The first Parish Clerk of St Cuthbert's Church, Hebron, Northumberland

St Cuthbert's Church, Hebron, Northumberland

Thomas James of Hebron is our oldest documented and proven direct paternal ancestor to date, and he is my 8th paternal great-grandfather. We share the same Y-Chromosome, that vital DNA sequence which passes unchanging from father to son. Thomas was born in 1638 during the reign of King Charles I and lived through the turbulent and often very violent times of the English Civil War. 

At this point in time I do not know where he was born but as far as I am aware it wasn’t in Hebron. Parish records only begin there in 1680, a good twenty years after the restoration of the monarchy. Prior to that date, the affairs of Hebron were dealt with from the neighbouring parish of Bothal and Thomas wasn’t born there either according to the records. Hebron today is a very small village, almost a hamlet and it was never anything other than that in the past.

The Civil War broke out in 1642 and until around 1644, Northumberland lay in Royalist hands. It was to be a long and bloody war as civil wars tend to be. It would not finally come to an end until 3rd September 1651 with the decisive Battle of Worcester. From then on, Oliver Cromwell ruled the republican Commonwealth and re-established British might and power. That said, Cromwell is not remembered fondly in Catholic Ireland due to the actions taken by his forces there.

At wars end Thomas James would have been a 13 year old boy, and in those days well old enough to go out and earn a living or be apprenticed. He was appointed as Parish Clerk of St Cuthbert’s Church in Hebron sometime during 1682 at the age of 44, and served in that role until his death at the age of 80 in 1718. I have no idea as yet how Thomas earned his living prior to becoming the Parish Clerk in Hebron, but I hope to find out in due course.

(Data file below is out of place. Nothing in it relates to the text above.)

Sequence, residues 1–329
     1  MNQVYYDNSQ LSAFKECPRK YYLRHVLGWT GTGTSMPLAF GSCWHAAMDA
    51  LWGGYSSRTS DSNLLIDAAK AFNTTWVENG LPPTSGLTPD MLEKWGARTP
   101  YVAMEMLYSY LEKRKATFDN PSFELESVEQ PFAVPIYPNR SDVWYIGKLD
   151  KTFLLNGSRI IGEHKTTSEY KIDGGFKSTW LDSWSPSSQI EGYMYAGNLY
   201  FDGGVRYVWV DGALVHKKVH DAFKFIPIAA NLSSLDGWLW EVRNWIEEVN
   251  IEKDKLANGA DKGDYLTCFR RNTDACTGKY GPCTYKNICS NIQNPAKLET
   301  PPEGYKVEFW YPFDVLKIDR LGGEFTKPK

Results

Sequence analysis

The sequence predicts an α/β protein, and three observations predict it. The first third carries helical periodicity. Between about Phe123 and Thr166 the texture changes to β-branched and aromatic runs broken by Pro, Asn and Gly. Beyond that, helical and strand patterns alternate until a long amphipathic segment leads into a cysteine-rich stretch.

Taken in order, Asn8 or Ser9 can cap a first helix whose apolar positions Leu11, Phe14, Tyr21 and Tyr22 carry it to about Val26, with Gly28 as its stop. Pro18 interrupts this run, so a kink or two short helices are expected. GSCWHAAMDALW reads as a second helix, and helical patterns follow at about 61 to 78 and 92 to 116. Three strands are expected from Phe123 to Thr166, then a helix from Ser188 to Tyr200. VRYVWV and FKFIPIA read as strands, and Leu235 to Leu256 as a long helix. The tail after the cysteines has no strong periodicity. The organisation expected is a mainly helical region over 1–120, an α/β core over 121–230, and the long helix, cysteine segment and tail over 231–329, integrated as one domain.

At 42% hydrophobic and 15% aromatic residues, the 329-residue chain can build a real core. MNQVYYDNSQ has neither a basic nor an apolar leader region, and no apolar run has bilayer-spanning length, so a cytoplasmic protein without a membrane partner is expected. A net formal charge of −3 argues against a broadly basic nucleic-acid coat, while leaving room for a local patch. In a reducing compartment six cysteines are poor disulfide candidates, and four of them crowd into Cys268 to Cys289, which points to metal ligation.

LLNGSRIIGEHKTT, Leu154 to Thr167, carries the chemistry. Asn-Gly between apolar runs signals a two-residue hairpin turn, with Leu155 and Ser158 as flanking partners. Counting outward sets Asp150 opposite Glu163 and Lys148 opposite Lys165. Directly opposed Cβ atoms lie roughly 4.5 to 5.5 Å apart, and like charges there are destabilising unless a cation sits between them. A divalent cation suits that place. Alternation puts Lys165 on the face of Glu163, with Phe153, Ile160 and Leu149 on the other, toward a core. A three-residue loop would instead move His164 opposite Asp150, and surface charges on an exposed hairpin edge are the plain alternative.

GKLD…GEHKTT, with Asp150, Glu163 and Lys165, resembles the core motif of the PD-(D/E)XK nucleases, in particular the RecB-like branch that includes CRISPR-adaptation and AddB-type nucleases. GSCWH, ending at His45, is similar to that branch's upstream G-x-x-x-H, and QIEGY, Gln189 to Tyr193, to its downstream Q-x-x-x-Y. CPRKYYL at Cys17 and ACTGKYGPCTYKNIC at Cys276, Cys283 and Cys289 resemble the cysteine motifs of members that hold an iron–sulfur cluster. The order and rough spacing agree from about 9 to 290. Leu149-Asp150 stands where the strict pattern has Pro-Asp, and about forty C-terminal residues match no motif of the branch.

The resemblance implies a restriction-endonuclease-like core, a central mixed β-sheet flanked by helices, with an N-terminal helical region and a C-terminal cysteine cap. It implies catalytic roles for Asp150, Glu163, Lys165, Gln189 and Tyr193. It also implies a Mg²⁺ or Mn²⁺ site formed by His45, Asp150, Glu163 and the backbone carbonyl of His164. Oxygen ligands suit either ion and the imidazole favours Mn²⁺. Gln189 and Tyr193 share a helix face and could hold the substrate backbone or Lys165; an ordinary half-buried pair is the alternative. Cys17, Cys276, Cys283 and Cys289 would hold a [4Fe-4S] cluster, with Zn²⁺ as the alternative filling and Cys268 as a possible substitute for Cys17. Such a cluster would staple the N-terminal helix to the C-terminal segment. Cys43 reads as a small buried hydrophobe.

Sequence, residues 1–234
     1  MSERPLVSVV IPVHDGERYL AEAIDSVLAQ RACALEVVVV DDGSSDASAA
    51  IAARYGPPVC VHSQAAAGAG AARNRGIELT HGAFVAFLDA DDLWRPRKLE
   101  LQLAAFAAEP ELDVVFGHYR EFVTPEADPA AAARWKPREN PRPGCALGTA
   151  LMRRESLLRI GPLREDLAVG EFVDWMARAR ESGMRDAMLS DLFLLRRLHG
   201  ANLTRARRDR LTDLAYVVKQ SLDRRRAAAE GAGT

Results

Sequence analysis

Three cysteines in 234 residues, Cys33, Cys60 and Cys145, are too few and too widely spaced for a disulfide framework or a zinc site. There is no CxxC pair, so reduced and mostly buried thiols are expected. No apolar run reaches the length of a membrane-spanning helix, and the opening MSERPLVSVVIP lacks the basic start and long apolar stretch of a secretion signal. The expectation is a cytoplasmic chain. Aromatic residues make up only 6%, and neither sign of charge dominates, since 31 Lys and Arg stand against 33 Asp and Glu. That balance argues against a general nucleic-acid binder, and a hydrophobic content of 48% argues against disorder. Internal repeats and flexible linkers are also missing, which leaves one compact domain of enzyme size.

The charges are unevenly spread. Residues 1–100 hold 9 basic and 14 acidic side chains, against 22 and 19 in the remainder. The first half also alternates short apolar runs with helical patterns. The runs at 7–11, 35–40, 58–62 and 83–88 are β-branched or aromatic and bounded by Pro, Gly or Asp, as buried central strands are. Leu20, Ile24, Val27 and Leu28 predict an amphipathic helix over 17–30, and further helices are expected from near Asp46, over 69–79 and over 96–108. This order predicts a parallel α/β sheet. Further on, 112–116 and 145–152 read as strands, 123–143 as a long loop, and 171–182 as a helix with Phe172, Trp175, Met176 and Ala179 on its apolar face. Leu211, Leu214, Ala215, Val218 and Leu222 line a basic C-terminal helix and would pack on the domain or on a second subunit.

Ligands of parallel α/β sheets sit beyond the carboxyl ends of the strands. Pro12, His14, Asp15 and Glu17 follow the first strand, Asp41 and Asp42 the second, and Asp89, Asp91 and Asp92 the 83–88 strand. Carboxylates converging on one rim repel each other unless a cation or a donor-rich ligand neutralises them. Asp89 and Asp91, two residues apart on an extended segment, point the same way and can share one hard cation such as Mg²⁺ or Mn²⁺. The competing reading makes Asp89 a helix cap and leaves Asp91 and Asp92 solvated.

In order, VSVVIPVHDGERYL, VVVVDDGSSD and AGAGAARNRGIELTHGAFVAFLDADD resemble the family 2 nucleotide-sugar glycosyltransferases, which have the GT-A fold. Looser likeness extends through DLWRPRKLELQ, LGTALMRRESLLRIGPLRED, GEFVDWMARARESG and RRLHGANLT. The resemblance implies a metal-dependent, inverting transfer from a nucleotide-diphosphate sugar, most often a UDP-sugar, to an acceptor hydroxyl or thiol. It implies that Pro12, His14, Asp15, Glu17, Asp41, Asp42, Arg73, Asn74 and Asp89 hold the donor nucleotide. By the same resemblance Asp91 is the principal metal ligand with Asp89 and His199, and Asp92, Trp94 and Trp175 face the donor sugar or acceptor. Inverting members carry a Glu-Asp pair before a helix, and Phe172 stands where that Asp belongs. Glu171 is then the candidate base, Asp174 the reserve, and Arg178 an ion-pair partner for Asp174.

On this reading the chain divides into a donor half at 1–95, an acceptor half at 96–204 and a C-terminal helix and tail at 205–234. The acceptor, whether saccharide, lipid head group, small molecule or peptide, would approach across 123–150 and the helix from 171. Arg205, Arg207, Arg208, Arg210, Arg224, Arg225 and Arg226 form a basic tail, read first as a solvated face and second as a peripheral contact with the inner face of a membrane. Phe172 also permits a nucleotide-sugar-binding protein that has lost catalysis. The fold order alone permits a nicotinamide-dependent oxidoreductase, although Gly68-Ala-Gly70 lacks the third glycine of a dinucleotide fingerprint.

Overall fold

From the evidence I have at the moment it appears that Thomas married in 1670 to an Elizabeth Clark who was born in 1640. It was certainly a pretty late marriage, he being 32 and she 30. I can only find two children born to them, Thomas (my 7th great-grandfather) in 1683 and Elizabeth in 1685. From the Christian names of the children it would rather suggest that they are the first born, but why the thirteen year gap from their marriage is a complete mystery, unless there were prior children who did not survive and I have not yet found the records?

In order to take up the position of Parish Clark Thomas would certainly have been literate and respectable. The post at that time was an ecclesiastical one and he would have taken Minor Orders. He would have had a varied role in the church, not just restricted to record keeping.

In fact William Laud, the Archbishop of Canterbury 1633 – 1645, was so concerned about those in minor orders intruding into matters that appertained to those who had taken major Holy Orders, that he cracked down on Parish Clerks, even to the extent of depriving them of duties that were theirs by right of canon law.

The Parish Clerk would have been appointed by the local Minister and I am hoping to trace a record of this appointment via the archives of the Church of England in the near future. If I am lucky, such information may also avail me of his exact place of birth.

The James family were Parish Clerks in Hebron for over 200 years, with the last one leaving the post in 1888. It is probably a unique event for a family to hold that position for so long. The Thomas James I write about here was the first of that long line and he is buried in the churchyard at Hebron. His stone is right by the entrance to the church and that area forms a family plot for the James clan.

The last resting place of Thomas James 1638 - 1718, Hebron, Northumberland

It was a deeply poignant and spiritual moment for me when I first stood by the grave of Thomas James. We were only separated by six feet of earth, a cultural chasm and three hundred turbulent years of British history. The family has been through so much since his time and taken many often painful paths to the present day. I wonder what he would have made of it all and how surprised he might have been at the sheer number of his direct descendants?

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